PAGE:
We’re collecting thousands of leaf, seed, and wood samples to create databases of the chemical and genetic signatures of tree species throughout their ranges. This information will power new tools to reveal the origin of any sample of timber––taking away illegal loggers’ ability to sneak poached trees into the world’s wood supply.
Eastern black walnut is the latest tree species you can adventure for science to protect!
One of the most valuable hardwood species, black walnut is under threat from timber poachers across 30+ American states in its range. This summer, you can help by exploring forests in the eastern and central US to take samples from wild trees. Those samples will become the basis of new DNA and chemical databases that law enforcement will use to prosecute timber thieves.
Black walnut joins coast redwood, bigleaf maple, western redcedar, and Alaska yellow-cedar as vulnerable species we’re working with scientific partners to protect from timber poaching, a growing crime in the US and worldwide. Click below to learn more and apply for this project.
Outdoor adventurers have unique skills to collect tree samples across a wide range of locations and at the large scale needed to encompass a species’ geographic ranges. Hiking, mountain biking, backcountry skiing, rock climbing, whitewater kayaking, and other activities bring our volunteers to places few others venture.
The dashboard below shows where volunteers have collected eastern black walnut samples for the project. Click on individual points to view the data, or click the link below the dashboard to view in full screen.
Once collected, our samples will undergo two forms of processing: Mass Spectrometry-Data Analysis in Real Time (MS-DART or DART) and genetic analysis.
DART will reveal distinct chemical signatures in each sample. As the tree takes up water and nutrients through its roots throughout its life, it develops a distinct chemical signature. Recognizing these signatures will allow authorities to identify the geographic origin of a sample.
Genetic analysis reveals the naturally occurring variation and interrelatedness of all trees within a species. It will be used like the DART analysis to identify the origin of future timber samples, and to increase our understanding of the adaptations of the species to particular conditions throughout their ranges. This will allow for better management of existing and expanding forests. The resulting database will yield a “family tree” like no other.analysis reveals the naturally occurring variation and interrelatedness of all trees within a species. It will be used like the DART analysis to identify the origin of future timber samples, and to increase our understanding of the adaptations of the species to particular conditions throughout their ranges. This will allow for better management of existing and expanding forests. The resulting database will yield a “family tree” like no other.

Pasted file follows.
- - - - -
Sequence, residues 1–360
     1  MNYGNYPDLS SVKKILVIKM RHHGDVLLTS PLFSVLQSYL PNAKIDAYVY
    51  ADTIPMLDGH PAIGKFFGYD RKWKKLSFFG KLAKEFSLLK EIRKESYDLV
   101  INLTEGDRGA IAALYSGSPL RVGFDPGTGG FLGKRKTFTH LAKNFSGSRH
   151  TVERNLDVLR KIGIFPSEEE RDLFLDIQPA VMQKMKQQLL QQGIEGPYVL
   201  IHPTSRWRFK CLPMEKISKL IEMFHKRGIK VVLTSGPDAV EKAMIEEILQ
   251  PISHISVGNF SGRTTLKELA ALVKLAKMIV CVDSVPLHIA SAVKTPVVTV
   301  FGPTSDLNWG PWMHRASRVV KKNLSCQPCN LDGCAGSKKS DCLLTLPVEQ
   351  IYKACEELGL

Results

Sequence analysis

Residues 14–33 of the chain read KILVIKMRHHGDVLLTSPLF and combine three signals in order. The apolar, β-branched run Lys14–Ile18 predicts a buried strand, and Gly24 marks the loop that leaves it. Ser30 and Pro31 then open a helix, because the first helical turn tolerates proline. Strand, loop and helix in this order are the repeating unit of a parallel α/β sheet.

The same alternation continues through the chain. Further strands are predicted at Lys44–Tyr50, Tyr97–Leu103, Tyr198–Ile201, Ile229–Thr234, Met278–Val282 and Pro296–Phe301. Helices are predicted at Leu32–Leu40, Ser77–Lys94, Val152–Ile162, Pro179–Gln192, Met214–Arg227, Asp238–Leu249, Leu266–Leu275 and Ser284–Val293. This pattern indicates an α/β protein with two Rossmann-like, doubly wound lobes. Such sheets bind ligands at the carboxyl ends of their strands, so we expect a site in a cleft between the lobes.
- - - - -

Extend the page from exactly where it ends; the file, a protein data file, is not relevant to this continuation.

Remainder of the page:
Planning, permitting, analysis, interpretation, and implementation all require the coordinated actions of many players. We are proud to be working with leading organizations in the research, management, and conservation of forests and tree species.
Hear what our Forest Service partners have to say about the project!
Five Species, One Massive Effort
Ranging from Alaska to California and from coast to coast, the five species we’ve targeted so far are particularly vulnerable to timber poaching. Many also are on the decline due to climate change. Each species faces its own challenges and has a biological, cultural, and conservation story of its own.
Once widespread across the United States, black walnut trees are becoming increasingly rare as high prices for its smooth, dark wood drive illegal logging. Volunteers can apply to this project beginning in the summer of 2021.
The tallest trees in the world, old-growth coast redwoods now occupy only 4% of their historic range. Understanding their genetic diversity will improve forest management and help guard against the negative impacts of climate change. Data collection for this species is complete.
This hardwood species whose common name reflects dinner-plate sized leaves, is targeted by timber thieves for spectacularly-patterned wood often used in guitars and furniture. Data collection for this species is complete.
Not a true cedar, but an arborvitae or “tree of life,” this species has provided indigenous communities with countless practical and cultural uses for thousands of years. Its continued value now makes it a target for illegal logging operations. Data collection for this species is complete.
A dramatic droop to its branches makes this species instantly recognizable even without seeing the tell-tale color of its wood. Now across large parts of its range, changing climate patterns are causing mass die-offs of this treasured tree. Data collection for this species is complete.
In the map below, see where we’ve collected samples since 2018.